- CATEGORIES: Data,Data and Research,Data for Nurses,Data for Providers,Doctors and Hospitals,Nurse Learning Center,Nurses,Research,Research for Nurses,Research for Providers
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By Charu G. Raheja, TriageLogic Chair and CFO
With the Affordable Care Act in full swing, an important question in the minds of health professionals is: what will the new population of insured patients look like? What will be their needs? What programs should be offered to help them stay healthy?
The first step in understanding the needs of this population is to look at some data and analyze current usage of healthcare resources. The second step is to study the effectiveness of the different nurse triage programs available to patients.
For example, we conducted a survey asking patients what they would have done if they did not have access to nurse triage. We then compared what those patients said they would do without this access, against what the nurse told them to do using standardized guidance protocols based on the patient's symptoms.
The table below shows patients’ responses to the question “what would you do if you did not have access to a nurse triage?” The information is broken down based on the patient’s type of insurance.
As Table 1 demonstrates, more patients in government insurance (Medicaid and Medicare) indicated they would have gone to the emergency room than would patients in private insurance.
- Approximately 33% (1,873) of the patients in government insurance said that they would go to the emergency room if no triage was available.
- Approximately 20% (1,919) of the patients in private insurance said that they would go to the emergency room if no triage was available.
Next, from the group of patients that said that they would go to the ER, we compared the number of private insurance and government insurance patients who were actually told to go to the emergency room by the nurse triage.
Table 2 shows the difference in the actual need for medial assistance, such as the ER or calling 911, between the two groups. It is important to note that the nurses did not know the insurance type of the patients they spoke to prior to the call. They simply followed protocols based on the patient’s description of their condition.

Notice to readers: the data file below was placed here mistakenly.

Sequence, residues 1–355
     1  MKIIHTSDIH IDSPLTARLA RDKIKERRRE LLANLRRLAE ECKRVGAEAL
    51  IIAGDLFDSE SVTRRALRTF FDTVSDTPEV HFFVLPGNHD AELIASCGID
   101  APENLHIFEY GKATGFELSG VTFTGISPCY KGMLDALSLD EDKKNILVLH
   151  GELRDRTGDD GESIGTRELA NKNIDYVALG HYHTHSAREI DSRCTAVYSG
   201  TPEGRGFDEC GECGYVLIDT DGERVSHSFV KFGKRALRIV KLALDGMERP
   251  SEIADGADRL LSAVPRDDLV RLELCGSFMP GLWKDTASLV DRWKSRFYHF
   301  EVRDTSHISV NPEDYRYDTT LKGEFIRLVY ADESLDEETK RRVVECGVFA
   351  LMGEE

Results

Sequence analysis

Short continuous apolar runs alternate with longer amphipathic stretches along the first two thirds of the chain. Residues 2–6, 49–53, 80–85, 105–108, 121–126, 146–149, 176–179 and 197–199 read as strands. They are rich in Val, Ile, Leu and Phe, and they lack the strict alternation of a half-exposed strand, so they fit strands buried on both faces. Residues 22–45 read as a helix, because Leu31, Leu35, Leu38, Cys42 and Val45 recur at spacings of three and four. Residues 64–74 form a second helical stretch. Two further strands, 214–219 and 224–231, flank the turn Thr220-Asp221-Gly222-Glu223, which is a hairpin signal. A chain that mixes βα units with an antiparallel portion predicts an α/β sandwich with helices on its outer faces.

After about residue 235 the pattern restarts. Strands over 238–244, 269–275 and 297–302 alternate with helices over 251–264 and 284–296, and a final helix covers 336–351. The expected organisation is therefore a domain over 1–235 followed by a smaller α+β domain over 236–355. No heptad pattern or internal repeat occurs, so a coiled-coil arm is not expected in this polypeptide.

TABLE 2: The percentage of patients that would have gone to the ER, told to go to the ER by nurse triage (broken down by insurance type).
Review of the data indicates that of government insured patients that said they would go to the ER if they did not have access to nurse triage, following appropriate protocols, nurses referred only 24% to the ER. This reduction in unnecessary emergency room visits could result in huge cost savings, especially when spread across numerous ERs. Conversely, when looking at patients with private insurance, out of the patients that said they would go to the ER if nurse triage was not available, triage nurses deemed more than 30% of the private insurance patients were in need of ER or 911 services.
Another way to look at this data is:
- 1,873 of patients in government insurance said that they would seek ER, only about 459 of those patients were referred to an ER.
- 1,919 patients in private insurance said that they would seek ER care, only about 576 of those patients were sent to the ER.
On average, only about 25% of the patients who thought that they needed ER care actually needed to go to the ER!
With changes in healthcare access, it is increasingly obvious that data collection and analysis is crucial to understanding patient needs, while helping identify how best to use resources. This review of ER use by different patient populations is just one of numerous examples of how nurse triage can positively improve patient health, and the balancing of health care resources.